Loan Repayment Programs for PM&R

Discussion in 'PM&R' started by fozzy40, May 15, 2011.

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  1. shantster

    shantster Eye protection! 10+ Year Member

    Or for having a job in at least some form since the age of 15 and not having parents that bought me anything besides the basic necessities to live.

    I totally agree with you Polynikes about the financial responsibility and paying the loans off ASAP rather than spending the entire salary on things you don't need. I personally think I live quite a nice lifestyle now - good sized place (though rented) for my boyfriend and I, a good functional car bought new at the end of 2010, pretty good vacations the last two years, good quality clothes that are not from Kmart (as someone suggested you must do) - and this is definitely affordable on a resident's salary even with some student and car loan repayments, maxing out the roth ira, and hitting our employer match in the 401k. Even with an increase in money as an attending, I don't see the expenses going up too much - we don't need more space (it also seems like more hassle than it's worth for a much bigger place) and my car will be paid off, with plans to drive it until it dies. Loans will be taken care of pretty quickly the way I live and retirement accounts maximized so we'll likely be spending the extra money on big vacations and early retirement.

    I don't judge anyone that chooses to spend the money while debt grows and retirement accounts are neglected, but if that's the path one chooses, I don't understand the griping about how it's hard to pay off monthly expenses and/or debts that one freely chooses to take on for him/herself. Especially when one's own salary is multiple times higher than the average family income in this country.
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  3. Dharma

    Dharma 7+ Year Member

    I'm not that young myself, but this sentiment is expressed generation after generation.
  4. Polynikes

    Polynikes You're gonna need a bigger boat. 10+ Year Member

    Feb 17, 2006
    Andromeda Galaxy
    LOL, yeah I know.

    The generation born in 7th century BC must have been seriously locked on.
  5. Dharma

    Dharma 7+ Year Member

    :laugh: they were tough SOBs!
  6. sandstone

    sandstone 5+ Year Member

    Nov 29, 2011
    I do find it comical when people on these forums make it sound like living on 50-60k/year is total poverty. My family lives on 50k per year in an expensive city in a pretty expensive state, and we live a wonderful lifestyle with 2 cars, nice rented house, good quality food, eating out once in awhile, taking some fun roadtrips here and there, good quality clothes, overall a nice quality of life. I will have >300k of loans to repay in the end, and I don't see why I can't pay them of within five years. If I make 200k/year and after all expenses and taxes that becomes 140k/yr (I'm just guessing here), pay 70k/yr toward loans and have 70k/yr to live on, I'll be psyched! I feel like I'd be living large right there, and I'd be taking home more than the majority of people in this county and the world. Then after its payed off in five years I'll feel crazy wealthy living on 140/yr. Geez if people are buying mansions and fancy cars before paying off loans, no wonder it's an issue them. People make it sound like "living like a resident" is the worst doomsday situation in the world. I do wonder how many people on SDN have spent years working a crappy job for 30k/yr before going into med school. My past ten years of working crappy low paying jobs makes me very excited to have the opportunity to go to med school.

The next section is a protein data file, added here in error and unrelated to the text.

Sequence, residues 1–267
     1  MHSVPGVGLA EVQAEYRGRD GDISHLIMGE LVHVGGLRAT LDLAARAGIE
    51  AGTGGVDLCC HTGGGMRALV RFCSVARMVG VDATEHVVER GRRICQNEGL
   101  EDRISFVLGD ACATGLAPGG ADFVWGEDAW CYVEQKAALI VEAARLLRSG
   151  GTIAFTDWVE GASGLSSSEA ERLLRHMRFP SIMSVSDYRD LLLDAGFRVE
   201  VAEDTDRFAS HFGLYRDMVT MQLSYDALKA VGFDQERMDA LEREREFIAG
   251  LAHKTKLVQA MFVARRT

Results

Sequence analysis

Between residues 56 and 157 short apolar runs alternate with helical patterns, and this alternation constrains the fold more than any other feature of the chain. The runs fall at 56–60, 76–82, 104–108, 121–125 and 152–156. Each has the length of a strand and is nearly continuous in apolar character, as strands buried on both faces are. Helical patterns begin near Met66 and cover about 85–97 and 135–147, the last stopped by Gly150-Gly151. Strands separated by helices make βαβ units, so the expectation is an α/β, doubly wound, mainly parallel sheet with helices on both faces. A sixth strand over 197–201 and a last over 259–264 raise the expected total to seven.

Last edited: Jun 2, 2012
  7. MaxillofacialMN

    MaxillofacialMN Osteopathic Foot Dentist 7+ Year Member

    Dec 2, 2009
    The Grand Ballroom
    I'm of the same mindset as you, except that historically (probably not anymore in this economic climate), you will make more money by investing yours, which supposedly could garner you higher returns than your loan interest rates. I don't know of people still say that, but I personally will take a two or three percent "pay cut" over five years to live without the stress of debt for the rest of my life!
  8. Polynikes

    Polynikes You're gonna need a bigger boat. 10+ Year Member

    Feb 17, 2006
    Andromeda Galaxy
    I personally believe the vast majority of doctors in this country have never held a full time job before med school. I don't even think the majority even worked part time during college, and maybe even 5% at the most know what it is like to live paycheck to paycheck.

    Yet some of them will get ticked off when a patient doesn't a fill a Rx that is $50+/month.